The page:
Mozilla posts Firefox 3.0.8 ahead of schedule

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Chicago (IL) – Public
pressure resulting from a controversial public posting of an attack
code that may allow malicious users to exploit a serious Firefox
vulnerability, prompted Mozilla to change its release its release schedule and roll out Firefox 3.0.8 late last week, just two days following the
public posting of the code. In addition to fixing this
vulnerability, the updated browser patches another critical flaw that could be
used to trigger garbage collection routines.

You may remember from our recent post
how security researcher Guido Landi comvinced Mozilla to accelerate the Firefox 3.0.8 release, following his discovery of
a nasty bug. In a nutshell, the bug could be used to fool an
unsuspecting user into opening a malicious XML file that, in turn, exploits the vulnerability to run web-based
malware on his computer (also know as “drive-by
download”).

Langi was not happy how long it takes browser vendors to react to security problems and usually
stick to pre-determined release schedules to deliver critical
fixes. The researcher informed Firefox developers of the vulnerability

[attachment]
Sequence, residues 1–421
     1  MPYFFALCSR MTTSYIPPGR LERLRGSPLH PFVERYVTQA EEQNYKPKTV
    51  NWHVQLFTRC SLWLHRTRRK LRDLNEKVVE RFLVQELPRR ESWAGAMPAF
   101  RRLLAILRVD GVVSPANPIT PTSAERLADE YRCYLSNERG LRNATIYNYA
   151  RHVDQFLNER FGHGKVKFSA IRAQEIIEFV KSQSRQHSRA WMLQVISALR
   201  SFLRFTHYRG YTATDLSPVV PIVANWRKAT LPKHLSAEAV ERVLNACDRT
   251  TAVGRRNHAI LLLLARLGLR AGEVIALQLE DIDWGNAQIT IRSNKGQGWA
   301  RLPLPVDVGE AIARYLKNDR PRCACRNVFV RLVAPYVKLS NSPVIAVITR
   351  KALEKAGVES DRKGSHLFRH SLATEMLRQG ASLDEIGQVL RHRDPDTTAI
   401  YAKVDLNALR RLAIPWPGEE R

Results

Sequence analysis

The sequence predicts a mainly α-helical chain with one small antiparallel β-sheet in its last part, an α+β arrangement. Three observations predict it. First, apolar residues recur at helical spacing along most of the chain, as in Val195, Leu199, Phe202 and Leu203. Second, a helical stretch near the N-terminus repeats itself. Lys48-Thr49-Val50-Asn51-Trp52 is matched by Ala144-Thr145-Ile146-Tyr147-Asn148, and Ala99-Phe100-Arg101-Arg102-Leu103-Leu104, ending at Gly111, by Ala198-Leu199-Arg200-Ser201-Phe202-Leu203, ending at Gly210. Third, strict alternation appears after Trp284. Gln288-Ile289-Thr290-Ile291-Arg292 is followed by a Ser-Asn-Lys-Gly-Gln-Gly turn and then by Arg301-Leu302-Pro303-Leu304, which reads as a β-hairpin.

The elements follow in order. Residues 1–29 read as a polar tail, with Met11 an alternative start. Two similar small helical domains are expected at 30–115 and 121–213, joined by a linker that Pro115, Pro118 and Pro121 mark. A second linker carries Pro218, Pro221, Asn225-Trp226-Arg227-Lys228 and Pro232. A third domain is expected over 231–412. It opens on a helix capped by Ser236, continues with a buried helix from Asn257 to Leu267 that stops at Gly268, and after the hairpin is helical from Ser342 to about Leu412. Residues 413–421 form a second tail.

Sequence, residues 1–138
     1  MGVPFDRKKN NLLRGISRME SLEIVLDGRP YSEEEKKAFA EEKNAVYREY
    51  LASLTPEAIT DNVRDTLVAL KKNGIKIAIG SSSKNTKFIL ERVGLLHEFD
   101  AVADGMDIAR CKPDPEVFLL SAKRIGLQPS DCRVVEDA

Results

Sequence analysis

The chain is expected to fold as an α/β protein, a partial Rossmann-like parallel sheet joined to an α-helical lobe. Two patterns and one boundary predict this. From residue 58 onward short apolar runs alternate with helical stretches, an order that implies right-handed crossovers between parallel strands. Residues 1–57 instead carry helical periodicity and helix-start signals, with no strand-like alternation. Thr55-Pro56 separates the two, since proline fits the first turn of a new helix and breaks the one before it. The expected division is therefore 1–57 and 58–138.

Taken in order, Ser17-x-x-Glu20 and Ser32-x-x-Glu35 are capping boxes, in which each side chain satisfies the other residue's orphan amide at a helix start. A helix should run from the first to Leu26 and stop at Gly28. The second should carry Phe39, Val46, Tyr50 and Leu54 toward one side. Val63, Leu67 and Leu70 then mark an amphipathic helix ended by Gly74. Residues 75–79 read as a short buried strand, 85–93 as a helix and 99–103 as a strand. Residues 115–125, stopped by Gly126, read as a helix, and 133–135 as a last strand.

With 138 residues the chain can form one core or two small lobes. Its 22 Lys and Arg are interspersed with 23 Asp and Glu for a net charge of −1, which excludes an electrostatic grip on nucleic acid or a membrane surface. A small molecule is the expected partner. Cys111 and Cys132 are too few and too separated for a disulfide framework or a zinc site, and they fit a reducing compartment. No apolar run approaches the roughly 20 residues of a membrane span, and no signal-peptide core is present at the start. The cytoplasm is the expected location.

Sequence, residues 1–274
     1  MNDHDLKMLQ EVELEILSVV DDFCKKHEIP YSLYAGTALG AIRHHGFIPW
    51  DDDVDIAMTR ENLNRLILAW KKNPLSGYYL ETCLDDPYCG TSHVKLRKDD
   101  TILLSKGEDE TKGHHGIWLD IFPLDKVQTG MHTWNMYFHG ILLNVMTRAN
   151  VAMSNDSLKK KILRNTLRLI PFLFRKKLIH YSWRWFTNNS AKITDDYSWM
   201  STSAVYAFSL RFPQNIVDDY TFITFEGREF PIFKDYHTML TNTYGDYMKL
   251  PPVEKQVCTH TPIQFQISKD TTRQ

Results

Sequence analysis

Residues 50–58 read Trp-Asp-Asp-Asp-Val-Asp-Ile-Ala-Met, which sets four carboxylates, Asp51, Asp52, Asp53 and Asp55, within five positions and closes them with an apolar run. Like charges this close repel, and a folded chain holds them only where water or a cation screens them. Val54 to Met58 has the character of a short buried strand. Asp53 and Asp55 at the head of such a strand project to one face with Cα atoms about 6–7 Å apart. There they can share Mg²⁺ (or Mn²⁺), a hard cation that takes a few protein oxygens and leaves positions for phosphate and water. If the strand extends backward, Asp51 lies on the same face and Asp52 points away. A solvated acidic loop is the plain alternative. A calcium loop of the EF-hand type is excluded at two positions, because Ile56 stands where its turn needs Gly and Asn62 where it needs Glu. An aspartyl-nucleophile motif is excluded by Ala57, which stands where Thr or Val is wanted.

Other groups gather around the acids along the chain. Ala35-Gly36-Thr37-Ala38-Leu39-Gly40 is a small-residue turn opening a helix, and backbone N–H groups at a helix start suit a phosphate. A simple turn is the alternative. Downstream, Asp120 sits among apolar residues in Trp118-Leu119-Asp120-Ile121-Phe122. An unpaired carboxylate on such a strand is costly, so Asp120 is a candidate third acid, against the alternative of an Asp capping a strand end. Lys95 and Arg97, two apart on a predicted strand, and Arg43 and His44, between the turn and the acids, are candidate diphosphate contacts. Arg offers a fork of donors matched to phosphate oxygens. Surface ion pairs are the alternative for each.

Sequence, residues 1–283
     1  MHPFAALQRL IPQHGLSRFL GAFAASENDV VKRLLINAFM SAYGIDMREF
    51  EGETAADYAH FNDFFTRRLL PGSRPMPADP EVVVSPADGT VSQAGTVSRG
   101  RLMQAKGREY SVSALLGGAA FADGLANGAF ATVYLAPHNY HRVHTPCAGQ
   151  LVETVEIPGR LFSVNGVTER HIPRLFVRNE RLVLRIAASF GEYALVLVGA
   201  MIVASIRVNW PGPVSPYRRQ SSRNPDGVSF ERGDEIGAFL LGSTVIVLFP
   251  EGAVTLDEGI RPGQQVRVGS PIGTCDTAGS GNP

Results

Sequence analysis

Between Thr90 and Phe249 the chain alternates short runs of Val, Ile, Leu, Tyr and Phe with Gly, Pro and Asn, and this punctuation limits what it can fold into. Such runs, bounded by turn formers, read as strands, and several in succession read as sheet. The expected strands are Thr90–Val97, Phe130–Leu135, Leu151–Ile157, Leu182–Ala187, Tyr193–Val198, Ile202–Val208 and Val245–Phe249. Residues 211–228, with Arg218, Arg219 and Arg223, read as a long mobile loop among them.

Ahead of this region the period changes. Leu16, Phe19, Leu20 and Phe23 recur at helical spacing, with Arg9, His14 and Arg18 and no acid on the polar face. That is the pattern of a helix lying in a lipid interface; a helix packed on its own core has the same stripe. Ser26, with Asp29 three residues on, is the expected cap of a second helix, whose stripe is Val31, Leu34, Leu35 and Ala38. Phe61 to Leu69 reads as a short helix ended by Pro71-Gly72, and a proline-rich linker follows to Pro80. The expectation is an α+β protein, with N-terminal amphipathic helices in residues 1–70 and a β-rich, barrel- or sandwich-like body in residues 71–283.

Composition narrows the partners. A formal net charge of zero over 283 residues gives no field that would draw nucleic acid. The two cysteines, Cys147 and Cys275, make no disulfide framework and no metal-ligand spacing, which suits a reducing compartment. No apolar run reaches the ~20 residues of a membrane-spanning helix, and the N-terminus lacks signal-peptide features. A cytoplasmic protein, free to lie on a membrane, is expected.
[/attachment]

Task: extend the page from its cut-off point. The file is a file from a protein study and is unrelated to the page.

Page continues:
he discovered but also posted the attack code online, a move some of
our readers called irresponsible, attention-seeking maneuvering.
Nevertheless, it was enough for Mozilla to put forth patched Firefox
3.0.8 release ahead of the planned schedule.

It appears that the
gravity of the vulnerability pushed
Mozilla’s buttons. The organization originally promised to deliver the
fix early this week, but then changed its mind. Firefox
3.0.8 became available this past Friday, just day two days following Landi’s post. While
the updated browser fixed the potentially dangerous vulnerability, Mozilla did not credit its discovery exclusively to Langi.

“Security
researcher Guido Landi discovered that a XSL stylesheet could be used
to crash the browser during a XSL transformation. An attacker could
potentially use this crash to run arbitrary code on a victim’s
computer,”
Mozilla wrote. “This vulnerability was also previously
reported as a stability problem by Ubuntu community member, Andre,” the
organization added. “Ubuntu community member Michael Rooney
reported Andre’s findings to Mozilla, and Mozilla community member
Martin helped reduce Andre’s original testcase and contributed a patch
to fix the vulnerability.”

Firefox 3.0.8 also fixes another
critical exploit associated with Firefox’s XUL engine that could be
used to trigger garbage collection routines. This would cause the
browser to crash, enabling an attacker to run arbitrary code on a victim’s
computer. Mozilla noted that it was this vulnerability that allowed the
person who reported the issue to win the 2009 CanSecWest Pwn2Own contest. In addition to
these two critical exploits, Firefox 3.0.8 patched several other known bugs. All Firefox users are urged to download the latest version or invoke Firefox’s update mechanism by choosing Check for Updates… from the Help menu.

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